A brain tumor is an abnormal growth of tissue in the brain. It may be classified as either benign (non-cancerous) or malignant (cancerous).

The tumor can either originate in the brain itself, or come from another part of the body and travel to the brain (metastasize).

A benign tumor does not contain cancer cells and usually, once removed, does not recur. Most benign brain tumors do not invade surrounding tissue. Malignant brain tumors contain cancer cells. Malignant brain tumors are usually fast growing and invade surrounding tissue. These tumors very rarely spread to other areas of the body, but may recur after treatment.

Metastatic brain tumors are tumors that begin to grow in another part of the body, and then spread to the brain through the bloodstream. Common types of cancer that can travel to the brain include lung cancer, breast cancer, melanoma (a type of skin cancer), and colon cancer.

Doctors don’t know the cause of most adult brain tumors, and there are few known risk factors.

If a brain tumor is suspected, your doctor may perform procedures such as CT scans, MRIs, X-rays, or biopsies to make a diagnosis. Diagnosis of a brain tumor depends mostly on the types of cells involved and the tumor’s location.

Surgery is usually the first step in the treatment of brain tumors. The goal is to remove as much of the tumor as possible while maintaining neurological function. A biopsy is also done to examine the types of cells the tumor is made of for a diagnosis. This is frequently done if the tumor is in an area with sensitive structures around it that may be injured during removal.

Other treatments may include chemotherapy; radiation therapy; steroids (to treat and prevent swelling in the brain); anti-seizure medication (to treat and prevent seizures associated with intracranial pressure); rehabilitation (to regain lost motor skills and muscle strength); antibiotics (to treat and prevent infections); and continuous follow-up care (to manage disease, detect recurrence of the tumor, and to manage late effects of treatment).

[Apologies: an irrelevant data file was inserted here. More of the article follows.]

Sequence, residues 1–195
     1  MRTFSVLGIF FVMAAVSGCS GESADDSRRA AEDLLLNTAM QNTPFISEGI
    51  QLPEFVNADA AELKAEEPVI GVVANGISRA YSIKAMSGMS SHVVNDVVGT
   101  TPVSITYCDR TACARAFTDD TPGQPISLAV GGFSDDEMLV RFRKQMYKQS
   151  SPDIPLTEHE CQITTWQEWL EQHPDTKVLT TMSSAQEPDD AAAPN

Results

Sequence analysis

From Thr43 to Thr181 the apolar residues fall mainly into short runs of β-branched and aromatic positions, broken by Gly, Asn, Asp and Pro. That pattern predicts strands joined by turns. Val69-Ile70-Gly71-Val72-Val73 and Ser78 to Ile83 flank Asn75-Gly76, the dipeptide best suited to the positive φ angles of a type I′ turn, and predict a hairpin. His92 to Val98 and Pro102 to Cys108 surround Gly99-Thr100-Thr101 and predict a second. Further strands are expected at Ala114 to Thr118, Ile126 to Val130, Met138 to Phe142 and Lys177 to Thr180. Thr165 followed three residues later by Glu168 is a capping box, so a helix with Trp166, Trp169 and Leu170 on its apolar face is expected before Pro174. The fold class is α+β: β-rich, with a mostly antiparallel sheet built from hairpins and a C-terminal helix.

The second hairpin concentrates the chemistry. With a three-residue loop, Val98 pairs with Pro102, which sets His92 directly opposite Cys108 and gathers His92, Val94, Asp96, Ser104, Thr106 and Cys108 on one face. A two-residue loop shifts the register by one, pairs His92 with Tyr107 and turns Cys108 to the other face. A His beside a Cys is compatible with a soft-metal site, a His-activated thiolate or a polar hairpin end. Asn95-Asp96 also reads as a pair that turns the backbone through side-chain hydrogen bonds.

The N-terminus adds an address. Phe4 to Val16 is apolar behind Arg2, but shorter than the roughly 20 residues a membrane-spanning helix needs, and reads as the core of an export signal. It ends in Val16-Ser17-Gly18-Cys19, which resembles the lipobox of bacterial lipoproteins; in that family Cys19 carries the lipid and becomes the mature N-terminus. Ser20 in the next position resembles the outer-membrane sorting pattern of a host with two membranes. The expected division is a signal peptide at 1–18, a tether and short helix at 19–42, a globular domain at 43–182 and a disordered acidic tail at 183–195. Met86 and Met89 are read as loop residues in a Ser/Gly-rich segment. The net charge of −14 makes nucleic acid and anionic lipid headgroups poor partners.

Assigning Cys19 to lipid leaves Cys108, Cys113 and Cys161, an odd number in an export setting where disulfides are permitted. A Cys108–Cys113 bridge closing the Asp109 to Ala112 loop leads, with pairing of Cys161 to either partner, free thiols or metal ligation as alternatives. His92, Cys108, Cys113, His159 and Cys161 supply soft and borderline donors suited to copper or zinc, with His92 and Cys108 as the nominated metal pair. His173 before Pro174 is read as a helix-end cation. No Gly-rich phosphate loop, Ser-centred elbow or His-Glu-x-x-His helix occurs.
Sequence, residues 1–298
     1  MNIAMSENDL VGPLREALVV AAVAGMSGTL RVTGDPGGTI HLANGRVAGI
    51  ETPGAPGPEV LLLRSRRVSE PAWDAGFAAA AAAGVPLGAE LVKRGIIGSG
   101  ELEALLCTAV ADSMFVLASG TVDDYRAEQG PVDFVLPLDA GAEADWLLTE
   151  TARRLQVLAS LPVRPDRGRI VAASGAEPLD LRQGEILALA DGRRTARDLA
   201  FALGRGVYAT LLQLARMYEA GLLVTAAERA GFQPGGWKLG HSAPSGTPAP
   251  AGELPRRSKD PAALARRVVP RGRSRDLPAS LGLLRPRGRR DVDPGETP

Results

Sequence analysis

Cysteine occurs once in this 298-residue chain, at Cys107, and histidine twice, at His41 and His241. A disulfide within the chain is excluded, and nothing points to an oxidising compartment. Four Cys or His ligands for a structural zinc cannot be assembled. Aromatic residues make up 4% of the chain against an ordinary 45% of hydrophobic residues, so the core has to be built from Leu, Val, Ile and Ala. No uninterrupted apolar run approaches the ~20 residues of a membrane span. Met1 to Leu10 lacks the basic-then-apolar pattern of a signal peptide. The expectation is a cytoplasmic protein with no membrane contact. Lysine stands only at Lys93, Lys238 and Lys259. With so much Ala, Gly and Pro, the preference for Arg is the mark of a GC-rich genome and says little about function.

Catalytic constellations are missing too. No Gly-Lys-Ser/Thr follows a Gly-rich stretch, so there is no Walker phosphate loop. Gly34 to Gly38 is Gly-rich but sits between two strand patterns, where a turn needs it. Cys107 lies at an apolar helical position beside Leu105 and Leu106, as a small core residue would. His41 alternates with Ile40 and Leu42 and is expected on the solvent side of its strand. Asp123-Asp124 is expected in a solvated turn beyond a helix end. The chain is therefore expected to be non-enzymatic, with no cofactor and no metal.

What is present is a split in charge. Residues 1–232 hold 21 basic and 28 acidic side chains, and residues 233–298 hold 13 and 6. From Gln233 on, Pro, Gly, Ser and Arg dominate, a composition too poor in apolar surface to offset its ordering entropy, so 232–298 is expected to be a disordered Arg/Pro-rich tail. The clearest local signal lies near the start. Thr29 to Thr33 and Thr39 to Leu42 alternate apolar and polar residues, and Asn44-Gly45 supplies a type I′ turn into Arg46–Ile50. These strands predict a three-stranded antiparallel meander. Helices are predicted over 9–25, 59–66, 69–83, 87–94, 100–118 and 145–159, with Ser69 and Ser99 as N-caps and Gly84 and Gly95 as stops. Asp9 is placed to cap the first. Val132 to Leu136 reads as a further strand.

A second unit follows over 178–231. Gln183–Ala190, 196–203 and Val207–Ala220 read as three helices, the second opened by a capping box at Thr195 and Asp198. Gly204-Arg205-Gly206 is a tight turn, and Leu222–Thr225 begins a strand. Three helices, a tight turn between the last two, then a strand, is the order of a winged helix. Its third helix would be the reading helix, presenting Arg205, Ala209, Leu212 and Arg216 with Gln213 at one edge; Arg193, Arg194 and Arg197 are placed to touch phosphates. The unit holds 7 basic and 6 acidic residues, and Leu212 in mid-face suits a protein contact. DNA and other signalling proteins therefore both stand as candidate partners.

Prognosis greatly depends on all of the following:

  • Type of tumor

  • Extent of the disease

  • Size and location of the tumor

  • Presence or absence of metastasis

  • The tumor’s response to therapy

  • Your age, overall health, and medical history

  • Your tolerance of specific medications, procedures, or therapies

  • New developments in treatment

As with any cancer, prognosis and long-term survival can vary greatly from person to person. Prompt medical attention and aggressive therapy are important for the best prognosis. Continuous follow-up care is essential for a person diagnosed with a brain tumor. Side effects of radiation and chemotherapy, as well as second malignancies, can occur in survivors of brain tumors.

Medical Reviewer: [Richard Alteri, MD, Sara Foster, RN, MPH] Last Annual Review Date: 2009-07-15T00:00:00-06:00 Copyright: © 2000-2010 The StayWell Company, 780 Township Line Road, Yardley, PA 19067. All rights reserved. This information is not intended as a substitute for professional medical care. Always follow your healthcare professional's instructions.

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